‘Scholasticism’ as a derogation

For some, scholasticism appeals to the good old days of religious philosophy, or philosophy proper; for others, scholasticism is a derogatory term whereby system building and a rational attempt at ordered understanding is the project of philosophy and theology.

Throughout the history of philosophy, the great philosophers who have been remembered took place outside the institutional scholarly circles of academic philosophy. The great amateurs were also the great polymaths.

In the current industry of academic philosophy; I wonder if the term of scholasticism would apt apply. I think an examination of this question requires a prior understanding of what it means to be a scholastic, in both the negative and positive lights.

During the time of Aquinas and Duns Scotus, the institutions of learning like the University of Paris; and the Sourbonne were physical towers that upheld the metaphorically towering figures of Aristotle and biblical authority.

The negative aspect of scholasticism pertains to the dogmatic and institutionalised universality of the agenda of philosophical enquiry. It is as if to understand all things that ‘the philosopher’ or ‘the angelic doctor’ to consider as philosophy, and nothing else counts.

Surely this is limiting. However, is this not what we do when we consider the areas of metaphysics and epistemology to have the true ancestral heritage of philosophies from previous centuries, compared to say the likes of mongrel subjects like social philosophy or critical theory?

On the other hand, there was a great reason why Aquinas was considered the angelic Doctor of the church; many of the issues that the medievals had considered are, perhaps to the surprise or prejudice of the reader; things which are very much still acknowledged today, at least afer a resurgence of metaphysics in the mid-late 20thC.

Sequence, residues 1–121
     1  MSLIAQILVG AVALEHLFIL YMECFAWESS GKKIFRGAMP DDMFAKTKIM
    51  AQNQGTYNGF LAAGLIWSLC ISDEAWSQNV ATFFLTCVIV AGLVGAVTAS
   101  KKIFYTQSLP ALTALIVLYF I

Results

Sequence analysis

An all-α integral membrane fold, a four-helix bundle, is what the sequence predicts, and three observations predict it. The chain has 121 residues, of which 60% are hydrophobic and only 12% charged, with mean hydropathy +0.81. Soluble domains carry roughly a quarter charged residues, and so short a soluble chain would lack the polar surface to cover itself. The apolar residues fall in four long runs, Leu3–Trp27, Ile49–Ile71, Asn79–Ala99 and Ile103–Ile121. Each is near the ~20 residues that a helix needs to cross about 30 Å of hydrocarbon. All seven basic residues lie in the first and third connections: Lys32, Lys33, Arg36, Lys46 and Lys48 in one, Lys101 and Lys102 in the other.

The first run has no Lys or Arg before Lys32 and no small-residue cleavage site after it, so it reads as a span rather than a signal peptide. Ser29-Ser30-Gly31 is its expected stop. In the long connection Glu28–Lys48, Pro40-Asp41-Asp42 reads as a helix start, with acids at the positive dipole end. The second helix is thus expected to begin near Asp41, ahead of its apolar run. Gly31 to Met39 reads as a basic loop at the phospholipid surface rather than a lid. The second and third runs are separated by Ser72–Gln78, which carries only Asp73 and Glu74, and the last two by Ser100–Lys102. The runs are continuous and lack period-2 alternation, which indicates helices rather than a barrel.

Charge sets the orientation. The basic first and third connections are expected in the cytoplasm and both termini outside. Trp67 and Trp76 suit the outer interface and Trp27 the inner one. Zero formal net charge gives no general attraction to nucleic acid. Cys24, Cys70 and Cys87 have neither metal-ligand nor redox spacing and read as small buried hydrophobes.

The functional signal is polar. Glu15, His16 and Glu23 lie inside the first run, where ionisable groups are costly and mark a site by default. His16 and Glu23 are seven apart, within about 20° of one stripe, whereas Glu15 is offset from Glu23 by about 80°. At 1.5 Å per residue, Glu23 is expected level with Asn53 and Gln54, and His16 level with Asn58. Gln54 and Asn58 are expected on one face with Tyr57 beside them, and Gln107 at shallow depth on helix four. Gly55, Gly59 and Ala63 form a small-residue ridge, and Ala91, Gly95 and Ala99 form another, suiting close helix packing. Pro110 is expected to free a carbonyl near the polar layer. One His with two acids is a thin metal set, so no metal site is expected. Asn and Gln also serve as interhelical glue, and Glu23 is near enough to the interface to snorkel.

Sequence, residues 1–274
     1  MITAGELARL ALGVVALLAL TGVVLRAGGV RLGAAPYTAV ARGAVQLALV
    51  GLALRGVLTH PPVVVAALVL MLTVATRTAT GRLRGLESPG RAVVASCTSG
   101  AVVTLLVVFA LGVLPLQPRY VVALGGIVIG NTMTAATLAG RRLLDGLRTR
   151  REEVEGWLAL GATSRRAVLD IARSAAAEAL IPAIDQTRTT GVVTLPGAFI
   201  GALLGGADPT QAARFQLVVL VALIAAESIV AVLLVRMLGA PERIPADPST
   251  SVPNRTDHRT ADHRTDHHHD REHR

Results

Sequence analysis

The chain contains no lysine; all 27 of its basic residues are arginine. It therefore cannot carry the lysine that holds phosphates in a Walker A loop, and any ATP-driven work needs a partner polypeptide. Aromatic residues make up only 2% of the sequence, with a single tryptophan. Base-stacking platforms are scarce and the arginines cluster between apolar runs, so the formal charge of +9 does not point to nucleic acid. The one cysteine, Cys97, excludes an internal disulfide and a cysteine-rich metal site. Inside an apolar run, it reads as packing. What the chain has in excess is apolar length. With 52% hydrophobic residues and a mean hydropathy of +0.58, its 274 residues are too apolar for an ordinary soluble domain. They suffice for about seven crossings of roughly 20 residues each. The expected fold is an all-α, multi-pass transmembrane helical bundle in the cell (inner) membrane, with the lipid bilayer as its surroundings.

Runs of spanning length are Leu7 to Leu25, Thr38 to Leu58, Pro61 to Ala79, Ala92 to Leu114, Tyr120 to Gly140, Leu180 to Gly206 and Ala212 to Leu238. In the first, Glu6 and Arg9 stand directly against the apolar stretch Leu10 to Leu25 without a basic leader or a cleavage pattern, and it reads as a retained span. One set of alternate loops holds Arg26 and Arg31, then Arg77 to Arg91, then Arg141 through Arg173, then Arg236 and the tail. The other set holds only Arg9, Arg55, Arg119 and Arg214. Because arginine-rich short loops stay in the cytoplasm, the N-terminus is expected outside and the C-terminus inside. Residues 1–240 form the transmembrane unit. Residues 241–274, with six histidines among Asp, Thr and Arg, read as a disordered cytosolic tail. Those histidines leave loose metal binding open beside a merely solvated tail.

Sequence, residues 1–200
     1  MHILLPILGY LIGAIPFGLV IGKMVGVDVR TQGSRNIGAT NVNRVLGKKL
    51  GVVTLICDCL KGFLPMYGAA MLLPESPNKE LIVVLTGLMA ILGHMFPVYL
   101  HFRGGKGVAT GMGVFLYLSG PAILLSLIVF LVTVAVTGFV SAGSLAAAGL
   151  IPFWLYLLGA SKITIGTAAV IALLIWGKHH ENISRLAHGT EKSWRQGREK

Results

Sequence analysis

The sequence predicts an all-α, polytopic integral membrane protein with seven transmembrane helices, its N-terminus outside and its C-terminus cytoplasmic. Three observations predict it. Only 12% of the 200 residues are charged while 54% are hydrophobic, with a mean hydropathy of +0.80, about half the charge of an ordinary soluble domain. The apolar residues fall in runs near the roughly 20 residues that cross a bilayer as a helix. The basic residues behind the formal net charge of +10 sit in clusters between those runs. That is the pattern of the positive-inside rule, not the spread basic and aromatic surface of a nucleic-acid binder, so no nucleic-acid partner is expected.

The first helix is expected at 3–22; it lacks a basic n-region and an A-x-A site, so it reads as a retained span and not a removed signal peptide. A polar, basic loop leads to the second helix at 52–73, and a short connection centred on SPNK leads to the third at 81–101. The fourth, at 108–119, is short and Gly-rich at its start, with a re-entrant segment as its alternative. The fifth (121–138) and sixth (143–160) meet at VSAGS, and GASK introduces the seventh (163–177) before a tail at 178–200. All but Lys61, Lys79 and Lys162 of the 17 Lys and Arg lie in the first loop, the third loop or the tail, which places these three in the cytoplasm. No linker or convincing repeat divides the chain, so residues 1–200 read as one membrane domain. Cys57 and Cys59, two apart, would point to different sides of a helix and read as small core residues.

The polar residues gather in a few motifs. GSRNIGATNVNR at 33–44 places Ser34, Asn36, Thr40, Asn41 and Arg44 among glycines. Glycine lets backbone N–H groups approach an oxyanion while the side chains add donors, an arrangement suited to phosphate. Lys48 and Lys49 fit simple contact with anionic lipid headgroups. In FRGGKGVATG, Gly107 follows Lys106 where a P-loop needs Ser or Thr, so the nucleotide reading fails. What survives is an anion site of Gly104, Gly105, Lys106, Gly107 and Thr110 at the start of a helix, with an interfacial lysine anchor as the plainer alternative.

Issues like mereology (the relation between wholes and parts); logic; the nature of knowledge or universals have, have resurfaced. Today, despite, or in spite of, the destructive anti-metaphysical tendencies of the early 20thC philosophers; we still have debates between realists and nominalists, we still speak of mereological relata and we still consider the role of reason, although in different terms to the medieval terms of debate.

I am quite pleasantly surprised by the ‘medieval’ character of metaphysics today. I saw this becase this seems to me a somewhat recent resurgence in interest following the likes of Lewis and Kripke. There are some aspects of metaphysics where I think the old empiricist critique still holds, such as the complete nonsense of some metaphysical reasoning (consider the issue of haccceiticity – the most unspellable and unpronounceable word in European philosophy).

I think that there is a sign that systematic philosophy is slowly gettting back in fashion. These days, however, there are no ‘heroes’ or systematic figureheads of philosophy; metaphysicians work their little way in issues, where they have some familiarity with other relevant issues. If we were to do a map of how the interests in metaphysics, langauge, epistemology and mind link together, I’m sure we sould come up with some notion of a system. I note that the particular structure is not so relevant so much as that there is any system at all.

Lets consider the other side. Why don’t some people like systematic philosophy? Well I suppose you’d need to ask them. Some reasons offered are part of anti-hegelian/anti-metaphysics tendencies which come from two different and opposing routes; you firstly have the anti-system continental philosophers who prefer to muse on freedom and autonomy and other flowery and french subjects while embedding a political critique.

The obsession with uniqueness and overthrowing orthodoxy has turned into an obsession with being ‘revolutionary’. If you proffer too many revolutions you have no heroes, nor stability; but tyrants asserting their will and access to truth; one after another.

The ideal of philosophy should be the work within an academic community where a distinct division of labour is employed; there are those working in obscure areas, some in systematic areas; and they all contribute by reacting to each other in the body of accessible literature. Scholasticism, in the sense of ordered and communicated work distributed through networks of journal articles, books and electronically accessible work, assists in constructing a community effort in philosophy.



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